Hanns asked one of the mem­bers of Field Secu­ri­ty Sec­tion 92 to fetch a kitchen knife from inside the barn. When this man returned, he hand­ed the knife to Hanns, who stepped for­ward, clear­ly intent on car­ry­ing out his threat. Real­iz­ing he would lose the ring either way, Rudolf reluc­tant­ly removed the wed­ding band from his fin­ger. Then, star­ing furi­ous­ly at Hanns, he hand­ed it over. Hanns held the ring up to the light and looked inside the band, where he saw the names “Rudolf ” and “Hed­wig” inscribed. Hanns thanked him and put the ring in his pock­et.

    Hav­ing iden­ti­fied his man, Hanns was ready to make the arrest. But he sensed that his col­leagues want­ed to vent their hatred. Indeed, he want­ed to join in. He had to make a quick deci­sion: should he allow them free rein, or should he pro­tect Rudolf ? Turn­ing to his men, Hanns said, “In ten min­utes I want to have Höss in my car—undamaged” and walked off. He knew that this made him respon­si­ble for what was about to hap­pen, but he was pre­pared to face the con­se­quences.

    Rudolf was imme­di­ate­ly sur­round­ed by the remain­ing sol­diers, who dragged him to one of the barn’s slaugh­ter tables, tore the paja­mas from his body and beat him with axe han­dles. Rudolf screamed, but the blows kept com­ing. After a short peri­od, the doc­tor spoke to Hanns: “Call them off,” he said, “unless you want to take back a corpse.”

    Just as sud­den­ly as it had start­ed, the beat­ing stopped. A rough woolen blan­ket was wrapped around Rudolf’s shoul­ders, and he was car­ried out of the barn.


    At around mid­night the pris­on­er was loaded into the truck. Hanns and three sergeants climbed in after. Hanns told the dri­ver to make for Hei­de, where they would deliv­er Rudolf to the local jail. Hanns sat on one of the bench­es next to Rudolf in the back of the truck. As the vehi­cle rum­bled along the nar­row roads, Hanns asked the pris­on­er a series of ques­tions: What is your name? What was your rank in the SS? What role did you play dur­ing the war? Did you work at Auschwitz? At last, after repeat­ed ques­tion­ing, Rudolf con­firmed to Hanns that he had worked as the Kom­man­dant of Auschwitz, and that he had been “per­son­al­ly respon­si­ble for the deaths of 10,000 peo­ple.” Hanns real­ized with ris­ing excite­ment that not only had he cap­tured his man, but he was will­ing to talk.

    When they arrived in Hei­de two hours lat­er, the trucks pulled up at a bar in the cen­ter of town, where Paul was wait­ing for them. With Rudolf left in the truck, under guard, Hanns and the oth­er men, around twen­ty-five in all, piled into the bar. Extra­or­di­nar­i­ly, Hanns had inter­rupt­ed the safe deliv­ery of the most want­ed war crim­i­nal into cus­tody, in order to cel­e­brate.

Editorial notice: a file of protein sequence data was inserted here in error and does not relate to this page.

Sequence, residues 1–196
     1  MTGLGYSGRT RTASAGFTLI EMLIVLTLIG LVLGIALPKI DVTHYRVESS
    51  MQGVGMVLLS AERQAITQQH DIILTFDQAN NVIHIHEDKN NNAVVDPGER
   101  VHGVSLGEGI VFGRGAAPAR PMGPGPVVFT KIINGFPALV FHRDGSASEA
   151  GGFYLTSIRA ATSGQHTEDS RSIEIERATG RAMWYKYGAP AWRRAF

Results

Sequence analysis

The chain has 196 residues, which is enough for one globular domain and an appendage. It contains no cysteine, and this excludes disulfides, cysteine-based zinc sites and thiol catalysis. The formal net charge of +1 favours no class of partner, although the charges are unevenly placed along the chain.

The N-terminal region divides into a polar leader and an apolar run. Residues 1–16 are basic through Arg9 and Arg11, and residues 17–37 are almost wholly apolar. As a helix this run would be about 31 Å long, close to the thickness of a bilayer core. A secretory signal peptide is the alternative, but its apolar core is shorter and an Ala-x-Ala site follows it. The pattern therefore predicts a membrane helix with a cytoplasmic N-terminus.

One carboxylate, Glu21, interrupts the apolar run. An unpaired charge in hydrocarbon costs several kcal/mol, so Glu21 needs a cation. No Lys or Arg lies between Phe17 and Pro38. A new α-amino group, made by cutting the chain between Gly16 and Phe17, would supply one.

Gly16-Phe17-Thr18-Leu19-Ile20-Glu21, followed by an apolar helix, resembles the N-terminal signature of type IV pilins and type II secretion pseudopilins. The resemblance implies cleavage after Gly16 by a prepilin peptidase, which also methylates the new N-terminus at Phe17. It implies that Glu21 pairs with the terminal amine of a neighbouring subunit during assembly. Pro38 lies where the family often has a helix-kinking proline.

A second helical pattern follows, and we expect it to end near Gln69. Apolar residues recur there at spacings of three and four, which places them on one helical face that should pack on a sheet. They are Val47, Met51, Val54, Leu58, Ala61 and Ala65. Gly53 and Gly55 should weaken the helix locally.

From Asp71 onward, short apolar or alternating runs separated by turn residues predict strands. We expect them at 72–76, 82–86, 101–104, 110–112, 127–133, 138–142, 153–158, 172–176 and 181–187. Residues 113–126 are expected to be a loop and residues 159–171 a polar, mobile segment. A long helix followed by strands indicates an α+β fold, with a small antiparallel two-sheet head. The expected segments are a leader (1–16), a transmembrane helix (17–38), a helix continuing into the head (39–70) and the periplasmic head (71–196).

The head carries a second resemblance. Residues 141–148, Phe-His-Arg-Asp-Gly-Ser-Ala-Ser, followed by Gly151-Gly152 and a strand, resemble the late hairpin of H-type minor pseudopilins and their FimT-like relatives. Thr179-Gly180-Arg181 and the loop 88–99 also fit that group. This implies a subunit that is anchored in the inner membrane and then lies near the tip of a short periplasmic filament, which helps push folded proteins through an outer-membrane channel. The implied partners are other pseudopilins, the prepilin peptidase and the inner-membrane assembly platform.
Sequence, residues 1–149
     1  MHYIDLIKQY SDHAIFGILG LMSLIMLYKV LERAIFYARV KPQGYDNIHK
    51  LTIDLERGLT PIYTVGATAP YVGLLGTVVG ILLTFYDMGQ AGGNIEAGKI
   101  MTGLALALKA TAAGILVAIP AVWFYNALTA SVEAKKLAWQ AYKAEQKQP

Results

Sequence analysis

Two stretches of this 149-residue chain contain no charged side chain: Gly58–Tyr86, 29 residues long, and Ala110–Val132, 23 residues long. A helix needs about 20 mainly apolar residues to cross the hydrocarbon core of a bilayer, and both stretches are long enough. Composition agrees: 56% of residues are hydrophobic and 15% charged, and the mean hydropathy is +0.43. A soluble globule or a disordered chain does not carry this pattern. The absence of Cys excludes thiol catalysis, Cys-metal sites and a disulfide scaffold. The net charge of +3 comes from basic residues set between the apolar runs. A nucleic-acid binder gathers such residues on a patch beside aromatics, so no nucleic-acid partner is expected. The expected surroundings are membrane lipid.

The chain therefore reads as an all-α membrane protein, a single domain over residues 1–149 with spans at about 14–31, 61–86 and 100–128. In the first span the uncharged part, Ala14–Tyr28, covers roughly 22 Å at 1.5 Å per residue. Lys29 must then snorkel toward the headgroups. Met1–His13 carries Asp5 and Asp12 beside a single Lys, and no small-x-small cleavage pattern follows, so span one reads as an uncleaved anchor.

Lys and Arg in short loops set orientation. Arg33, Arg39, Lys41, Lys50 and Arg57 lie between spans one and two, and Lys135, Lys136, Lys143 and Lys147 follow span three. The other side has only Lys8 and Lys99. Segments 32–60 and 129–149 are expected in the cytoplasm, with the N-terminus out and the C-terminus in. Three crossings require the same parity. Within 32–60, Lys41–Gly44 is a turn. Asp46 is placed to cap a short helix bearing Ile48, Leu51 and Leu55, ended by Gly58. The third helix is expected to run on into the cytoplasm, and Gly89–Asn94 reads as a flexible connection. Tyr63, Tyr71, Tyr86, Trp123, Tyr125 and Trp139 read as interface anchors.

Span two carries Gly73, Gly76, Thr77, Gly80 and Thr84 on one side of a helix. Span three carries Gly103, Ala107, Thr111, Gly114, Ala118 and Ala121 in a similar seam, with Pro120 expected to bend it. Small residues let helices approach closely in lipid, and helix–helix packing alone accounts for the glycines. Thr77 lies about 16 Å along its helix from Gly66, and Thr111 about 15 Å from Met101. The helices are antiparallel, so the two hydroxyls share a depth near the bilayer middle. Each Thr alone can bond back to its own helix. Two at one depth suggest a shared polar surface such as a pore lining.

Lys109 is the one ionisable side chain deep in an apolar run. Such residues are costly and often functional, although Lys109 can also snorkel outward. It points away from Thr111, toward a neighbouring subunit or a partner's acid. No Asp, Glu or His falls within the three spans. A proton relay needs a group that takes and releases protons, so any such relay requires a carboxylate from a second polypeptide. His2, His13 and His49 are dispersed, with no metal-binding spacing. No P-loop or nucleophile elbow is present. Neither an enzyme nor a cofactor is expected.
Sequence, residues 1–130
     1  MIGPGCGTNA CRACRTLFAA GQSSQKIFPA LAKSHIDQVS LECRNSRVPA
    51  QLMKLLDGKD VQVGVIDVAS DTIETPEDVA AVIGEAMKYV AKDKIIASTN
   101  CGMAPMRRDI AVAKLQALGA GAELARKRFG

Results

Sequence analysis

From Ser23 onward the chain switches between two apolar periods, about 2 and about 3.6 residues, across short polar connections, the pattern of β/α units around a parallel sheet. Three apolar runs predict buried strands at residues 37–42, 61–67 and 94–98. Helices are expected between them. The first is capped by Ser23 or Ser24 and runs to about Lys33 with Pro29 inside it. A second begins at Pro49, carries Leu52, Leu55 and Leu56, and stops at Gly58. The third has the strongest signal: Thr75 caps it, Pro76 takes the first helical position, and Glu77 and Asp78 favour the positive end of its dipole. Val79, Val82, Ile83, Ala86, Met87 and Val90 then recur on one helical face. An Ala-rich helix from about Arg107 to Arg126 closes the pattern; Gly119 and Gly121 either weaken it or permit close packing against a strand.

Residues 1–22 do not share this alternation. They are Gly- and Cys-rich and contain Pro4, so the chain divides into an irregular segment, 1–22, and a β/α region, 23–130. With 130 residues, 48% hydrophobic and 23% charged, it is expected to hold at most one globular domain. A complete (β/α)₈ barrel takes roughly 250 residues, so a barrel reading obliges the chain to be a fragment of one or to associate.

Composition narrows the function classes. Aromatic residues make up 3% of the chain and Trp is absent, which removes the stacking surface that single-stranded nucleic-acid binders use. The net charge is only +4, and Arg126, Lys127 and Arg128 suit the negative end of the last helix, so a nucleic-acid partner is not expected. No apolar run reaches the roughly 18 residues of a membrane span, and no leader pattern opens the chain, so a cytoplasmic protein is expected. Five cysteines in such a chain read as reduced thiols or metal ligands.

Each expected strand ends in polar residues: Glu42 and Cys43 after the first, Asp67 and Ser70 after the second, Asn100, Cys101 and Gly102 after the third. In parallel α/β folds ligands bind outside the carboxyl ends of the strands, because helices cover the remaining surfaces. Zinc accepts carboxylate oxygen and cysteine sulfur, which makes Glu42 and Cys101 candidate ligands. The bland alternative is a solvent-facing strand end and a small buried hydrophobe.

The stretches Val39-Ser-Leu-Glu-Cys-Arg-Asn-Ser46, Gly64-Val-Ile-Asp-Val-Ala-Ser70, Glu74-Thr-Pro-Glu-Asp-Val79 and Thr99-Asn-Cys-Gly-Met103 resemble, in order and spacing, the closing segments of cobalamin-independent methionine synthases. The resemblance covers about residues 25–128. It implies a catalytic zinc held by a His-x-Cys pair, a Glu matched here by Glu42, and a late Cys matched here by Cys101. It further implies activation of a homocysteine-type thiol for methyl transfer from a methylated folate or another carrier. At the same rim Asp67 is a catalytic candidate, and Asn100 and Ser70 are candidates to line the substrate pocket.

Paul described this scene to his par­ents in a let­ter he penned the next day:

    13 March 1946

    Hanns had a very suc­cess­ful time here, though very busy. But he is not leav­ing emp­ty hand­ed. He caught the bas­tard from Auschwitz. I have nev­er seen such a shit in all my life. After all was over I found the par­ty for cel­e­bra­tion while Rudolf ’s feet got cold in the car under escort. We drank to the suc­cess with cham­pagne and whiskey. Just right for the job. But will have to leave the details of the descrip­tion to Hanns. He is a good bloke but don’t tell him oth­er­wise he gets einge­bildet [smug].

    After they were fin­ished cel­e­brat­ing, Hanns walked back to the truck, pulled Rudolf out of the vehi­cle, removed the blan­ket from his shoul­ders, and made him walk naked to the prison on the oth­er side of the snow-cov­ered main square. Once inside the prison Hanns, along with a sergeant from the Field Secu­ri­ty Sec­tion, began Rudolf ’s first for­mal inter­ro­ga­tion. Alco­hol was forced down the prisoner’s throat and they beat him with his own whip, con­fis­cat­ed from the barn in Got­tru­pel. A pair of hand­cuffs were on his wrists at all times, and with the tem­per­a­ture in the cell well below freez­ing, Rudolf ’s uncov­ered feet quick­ly devel­oped frost­bite.


    Three days lat­er, on March 15, 1946, Hanns deliv­ered Rudolf to Camp Toma­to, a British-run prison near the town of Min­den. There, Colonel Ger­ald Draper—the War Crimes Group’s lawyer—began a fur­ther round of inten­sive ques­tion­ing. A few hours after­wards, Rudolf’s state­ment was typed up into an eight-page con­fes­sion and a one-para­graph sum­ma­ry. It was the first time that a con­cen­tra­tion camp Kom­man­dant had pro­vid­ed details of the Final Solu­tion. Rudolf had con­fessed to coor­di­nat­ing the killing of two mil­lion peo­ple.


    From Hanns and Rudolf: The True Sto­ry of the Ger­man Jew Who Tracked Down and Caught the Kom­man­dant of Auschwitz, by Thomas Hard­ing. Copy­right © 2013 by Cack­ler Hard­ing Ltd. Reprint­ed by per­mis­sion of Simon & Schus­ter, Inc.

    Posted by Vanfield | August 28, 2013, 8:37 am